Revisiting Influential Readings from My Comprehensive Exam

I’m just about a year out from having taken my comprehensive exam, which I completed (and passed!) in June of 2022. Passing the exam was a culmination of an intense five months of reading and notetaking, including fitting reading in between classes (two I was teaching, one I was taking) and two other small research projects. I planned my time well, however, and was able to take weekends and most evenings off for most of the semester.

My comprehensive exam itself consisted of four questions, given to me by each of my four committee members, which I answered in essay format over the course of four weeks (4 days per question with a 3-day weekend in between each question). I wrote a total of 86 pages, not including citations. At the time, I found it to be stressful. Now I look back on the process with a surprising amount of fondness. Writing my comprehensive exam was probably one of the most intellectually stimulating things I’ve done to date.

I just reread my comprehensive exam essays last week in preparation for putting my dissertation proposal together. Aside from being pleased at how eloquent my stress-induced word vomit was, I was struck by how much I’ve been thinking about some of the things I read and wrote about in the year since. I want to call out a few of those articles and books, as reading them has informed the ways I think about video games and the people who play them, about doing research, about writing, and about a lot of other things I wasn’t anticipating when I added the works to my list.

See my full reading list, which I published in a post last year.

T. L. Taylor – Play Between Worlds

This book, published in 2006, is the result of a multi-year ethnographic research project that T. L. Taylor performed within and alongside the game EverQuest. EverQuest, released in 1999, was one of the first notable MMORPGs (massively multiplayer online roleplaying game) and paved the way for others, most notably World of Warcraft. Taylor started playing the game because she was curious as to how being in a virtual space with others could inform social structures and sociality. What she ended up writing was a treatise on how the complex interactions between the software, structures of play, and the players themselves informed how players played the game.

I first read this book in spring of 2019, prior to starting my PhD program, and before I even knew if I’d be accepted into a program. I’m not sure how it came across my radar, but at the time, it seemed like an interesting example of what games research could be. And I was blown away by it. Unlike many of the other articles and books I came across at the time, Taylor’s writing style was both accessible and persuasive. T. L. Taylor was the scholar I referred to the most when writing or talking with others about the kind of work I wanted to be doing in a PhD program.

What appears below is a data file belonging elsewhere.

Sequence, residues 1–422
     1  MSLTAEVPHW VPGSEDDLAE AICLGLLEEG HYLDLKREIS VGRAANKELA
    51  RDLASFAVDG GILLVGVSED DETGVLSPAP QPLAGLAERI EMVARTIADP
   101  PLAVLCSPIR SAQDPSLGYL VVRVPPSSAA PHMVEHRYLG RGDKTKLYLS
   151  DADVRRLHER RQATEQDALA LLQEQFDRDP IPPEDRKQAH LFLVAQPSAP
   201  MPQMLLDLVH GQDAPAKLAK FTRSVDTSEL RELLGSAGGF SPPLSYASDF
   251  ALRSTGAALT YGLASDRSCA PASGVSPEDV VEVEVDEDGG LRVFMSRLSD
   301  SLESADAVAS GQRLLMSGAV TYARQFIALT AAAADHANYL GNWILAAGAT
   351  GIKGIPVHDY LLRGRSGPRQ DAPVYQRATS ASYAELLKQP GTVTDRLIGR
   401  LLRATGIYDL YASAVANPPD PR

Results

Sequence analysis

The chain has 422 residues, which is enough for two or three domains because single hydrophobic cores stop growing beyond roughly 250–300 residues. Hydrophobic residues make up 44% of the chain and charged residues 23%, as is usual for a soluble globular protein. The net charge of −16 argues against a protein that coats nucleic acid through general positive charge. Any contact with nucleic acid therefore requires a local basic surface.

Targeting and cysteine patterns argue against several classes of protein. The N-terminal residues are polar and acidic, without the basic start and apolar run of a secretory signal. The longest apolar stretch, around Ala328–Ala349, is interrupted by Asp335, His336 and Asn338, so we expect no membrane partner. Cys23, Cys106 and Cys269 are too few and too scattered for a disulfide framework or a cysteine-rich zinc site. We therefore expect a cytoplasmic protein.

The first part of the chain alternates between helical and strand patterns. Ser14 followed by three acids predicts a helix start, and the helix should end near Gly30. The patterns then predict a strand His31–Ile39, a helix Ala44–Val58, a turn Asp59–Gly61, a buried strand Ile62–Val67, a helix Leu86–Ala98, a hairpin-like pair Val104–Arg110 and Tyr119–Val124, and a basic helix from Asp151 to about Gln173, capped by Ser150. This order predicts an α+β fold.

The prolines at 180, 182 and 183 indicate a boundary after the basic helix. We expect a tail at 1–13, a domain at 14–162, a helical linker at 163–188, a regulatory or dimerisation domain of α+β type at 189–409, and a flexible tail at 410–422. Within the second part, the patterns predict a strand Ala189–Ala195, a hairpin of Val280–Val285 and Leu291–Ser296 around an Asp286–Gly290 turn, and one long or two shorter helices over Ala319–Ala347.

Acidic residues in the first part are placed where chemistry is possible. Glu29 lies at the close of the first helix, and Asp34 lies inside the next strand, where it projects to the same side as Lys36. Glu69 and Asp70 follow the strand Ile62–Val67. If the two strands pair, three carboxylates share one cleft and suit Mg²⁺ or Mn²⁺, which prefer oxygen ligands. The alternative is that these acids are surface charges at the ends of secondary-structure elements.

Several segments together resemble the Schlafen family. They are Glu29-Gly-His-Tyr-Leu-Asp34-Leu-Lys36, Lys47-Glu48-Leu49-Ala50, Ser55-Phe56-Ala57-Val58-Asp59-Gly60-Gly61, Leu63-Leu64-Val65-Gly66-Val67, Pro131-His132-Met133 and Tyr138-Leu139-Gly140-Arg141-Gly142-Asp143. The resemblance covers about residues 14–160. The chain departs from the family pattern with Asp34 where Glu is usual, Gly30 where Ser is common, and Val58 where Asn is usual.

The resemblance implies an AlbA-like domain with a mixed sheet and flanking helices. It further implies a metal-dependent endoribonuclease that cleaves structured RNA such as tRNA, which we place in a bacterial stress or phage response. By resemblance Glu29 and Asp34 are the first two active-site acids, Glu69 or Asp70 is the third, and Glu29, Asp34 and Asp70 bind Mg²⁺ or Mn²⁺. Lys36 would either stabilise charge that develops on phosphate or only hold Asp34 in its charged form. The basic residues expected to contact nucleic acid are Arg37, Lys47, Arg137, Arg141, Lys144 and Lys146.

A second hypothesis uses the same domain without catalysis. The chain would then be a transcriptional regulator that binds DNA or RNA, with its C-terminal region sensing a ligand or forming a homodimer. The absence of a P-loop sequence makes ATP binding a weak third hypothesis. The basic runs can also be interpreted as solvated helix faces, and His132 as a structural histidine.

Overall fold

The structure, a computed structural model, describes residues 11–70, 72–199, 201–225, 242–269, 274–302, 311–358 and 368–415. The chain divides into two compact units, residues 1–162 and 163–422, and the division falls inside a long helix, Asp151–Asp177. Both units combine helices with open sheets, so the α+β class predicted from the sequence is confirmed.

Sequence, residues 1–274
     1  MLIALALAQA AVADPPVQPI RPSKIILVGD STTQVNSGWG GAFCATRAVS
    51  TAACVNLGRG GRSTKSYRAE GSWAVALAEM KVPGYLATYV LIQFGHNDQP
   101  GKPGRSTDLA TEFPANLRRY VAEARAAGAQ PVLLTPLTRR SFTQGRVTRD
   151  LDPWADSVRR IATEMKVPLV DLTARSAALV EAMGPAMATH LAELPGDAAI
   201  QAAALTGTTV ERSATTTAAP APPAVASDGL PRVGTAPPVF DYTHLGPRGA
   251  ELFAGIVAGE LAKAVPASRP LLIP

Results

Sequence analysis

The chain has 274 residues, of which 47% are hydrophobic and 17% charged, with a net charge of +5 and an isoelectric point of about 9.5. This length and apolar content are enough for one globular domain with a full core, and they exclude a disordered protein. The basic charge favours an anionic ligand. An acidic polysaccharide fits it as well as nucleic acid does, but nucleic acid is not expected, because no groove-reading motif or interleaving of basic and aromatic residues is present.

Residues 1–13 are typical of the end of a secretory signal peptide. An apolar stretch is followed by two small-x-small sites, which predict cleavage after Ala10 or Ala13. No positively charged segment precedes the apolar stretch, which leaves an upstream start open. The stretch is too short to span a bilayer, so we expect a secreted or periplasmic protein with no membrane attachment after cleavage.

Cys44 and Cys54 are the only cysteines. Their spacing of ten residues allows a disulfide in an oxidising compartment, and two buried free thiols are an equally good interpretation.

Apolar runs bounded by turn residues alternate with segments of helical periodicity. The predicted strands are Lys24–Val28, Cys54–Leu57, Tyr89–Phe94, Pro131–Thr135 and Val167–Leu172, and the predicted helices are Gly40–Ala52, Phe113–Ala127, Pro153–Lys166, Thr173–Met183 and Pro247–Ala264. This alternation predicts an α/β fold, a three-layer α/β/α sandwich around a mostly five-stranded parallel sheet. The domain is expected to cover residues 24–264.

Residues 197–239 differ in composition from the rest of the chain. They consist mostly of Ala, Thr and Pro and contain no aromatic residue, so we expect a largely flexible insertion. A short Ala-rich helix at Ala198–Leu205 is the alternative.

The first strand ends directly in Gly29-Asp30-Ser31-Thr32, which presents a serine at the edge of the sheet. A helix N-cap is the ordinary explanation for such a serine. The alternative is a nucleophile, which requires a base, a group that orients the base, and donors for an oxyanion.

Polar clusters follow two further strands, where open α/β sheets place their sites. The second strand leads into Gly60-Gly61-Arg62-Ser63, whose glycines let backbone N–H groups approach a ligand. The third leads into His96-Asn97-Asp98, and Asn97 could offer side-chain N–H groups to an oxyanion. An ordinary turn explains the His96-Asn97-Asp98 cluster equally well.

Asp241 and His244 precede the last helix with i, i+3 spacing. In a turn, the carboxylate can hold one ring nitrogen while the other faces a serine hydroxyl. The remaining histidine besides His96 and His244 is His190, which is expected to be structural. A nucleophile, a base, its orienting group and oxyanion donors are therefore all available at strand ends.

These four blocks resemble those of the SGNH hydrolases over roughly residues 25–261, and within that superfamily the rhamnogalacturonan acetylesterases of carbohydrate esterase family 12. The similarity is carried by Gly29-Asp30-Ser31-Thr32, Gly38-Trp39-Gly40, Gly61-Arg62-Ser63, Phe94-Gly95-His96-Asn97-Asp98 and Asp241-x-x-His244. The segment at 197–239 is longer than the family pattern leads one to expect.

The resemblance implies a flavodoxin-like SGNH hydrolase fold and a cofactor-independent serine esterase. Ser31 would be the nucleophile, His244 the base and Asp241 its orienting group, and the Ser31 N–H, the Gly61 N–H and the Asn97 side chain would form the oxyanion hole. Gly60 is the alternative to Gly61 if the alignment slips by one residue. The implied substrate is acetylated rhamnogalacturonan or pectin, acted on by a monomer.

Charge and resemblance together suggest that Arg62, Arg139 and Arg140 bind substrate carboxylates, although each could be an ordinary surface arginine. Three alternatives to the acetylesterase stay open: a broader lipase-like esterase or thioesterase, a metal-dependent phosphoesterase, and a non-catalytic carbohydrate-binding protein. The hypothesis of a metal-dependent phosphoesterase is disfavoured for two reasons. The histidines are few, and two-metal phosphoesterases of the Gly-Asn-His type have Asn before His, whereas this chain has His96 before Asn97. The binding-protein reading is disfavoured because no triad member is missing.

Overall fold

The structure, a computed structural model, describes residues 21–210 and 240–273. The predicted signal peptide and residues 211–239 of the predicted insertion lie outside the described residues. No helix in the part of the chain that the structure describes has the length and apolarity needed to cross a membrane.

The book ended up on my comps list because I wanted to revisit it. When I initially read it, I had very little background in game studies or in the literature that Taylor pulls from throughout the book. I’d known when reading it that many of the references had gone over my head and added it to my comps list because I felt I’d get more out of it with 2+ additional years of reading, thinking, and writing about games and player communities under my belt. I’d intended to look over my notes from my first reading and skim the book, in the interest of time.

But I started reading the introduction and was immediately sucked back in. I read the entire book cover to cover for comps and I enjoyed every minute of it. Taylor is a gifted writer and does an excellent job of building nuanced, thoughtful arguments. And despite having been written 17 years ago now (which is a long, long time in the worlds of video games and game studies), pretty much everything in the book is still relevant. In one sense, the book stands as a historical document describing what EverQuest as a game and its associated player communities were like in the early 2000s. Taylor could’ve left it at that, but instead she uses the context of EverQuest as a way to ask questions about games, players, technology, and game communities more broadly. Taylor’s work exemplifies what makes ethnography compelling to me – telling stories about specific people in specific contexts which can be expanded to understand people and things more broadly. This is the kind of work I would like to produce someday.

This Bridge Called My Back – edited by Cherie Moraga and Gloria Anzaldúa (4th Edition)